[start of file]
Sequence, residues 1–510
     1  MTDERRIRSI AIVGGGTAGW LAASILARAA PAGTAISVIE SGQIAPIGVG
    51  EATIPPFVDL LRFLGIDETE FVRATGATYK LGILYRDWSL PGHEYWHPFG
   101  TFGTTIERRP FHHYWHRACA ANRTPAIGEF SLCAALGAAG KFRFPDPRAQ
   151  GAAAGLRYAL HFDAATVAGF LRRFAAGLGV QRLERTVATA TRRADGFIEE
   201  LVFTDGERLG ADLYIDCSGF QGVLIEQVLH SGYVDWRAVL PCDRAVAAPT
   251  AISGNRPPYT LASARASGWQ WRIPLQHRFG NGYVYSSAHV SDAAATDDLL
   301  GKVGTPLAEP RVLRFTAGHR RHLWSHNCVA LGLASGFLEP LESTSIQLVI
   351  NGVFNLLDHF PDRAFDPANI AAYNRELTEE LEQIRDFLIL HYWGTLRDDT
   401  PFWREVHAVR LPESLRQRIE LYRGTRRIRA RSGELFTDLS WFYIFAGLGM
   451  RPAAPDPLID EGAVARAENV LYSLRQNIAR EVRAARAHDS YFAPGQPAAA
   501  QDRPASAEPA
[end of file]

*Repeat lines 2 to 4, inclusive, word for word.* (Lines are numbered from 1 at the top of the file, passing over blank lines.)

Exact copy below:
     1  MTDERRIRSI AIVGGGTAGW LAASILARAA PAGTAISVIE SGQIAPIGVG
    51  EATIPPFVDL LRFLGIDETE FVRATGATYK LGILYRDWSL PGHEYWHPFG
   101  TFGTTIERRP FHHYWHRACA ANRTPAIGEF SLCAALGAAG KFRFPDPRAQ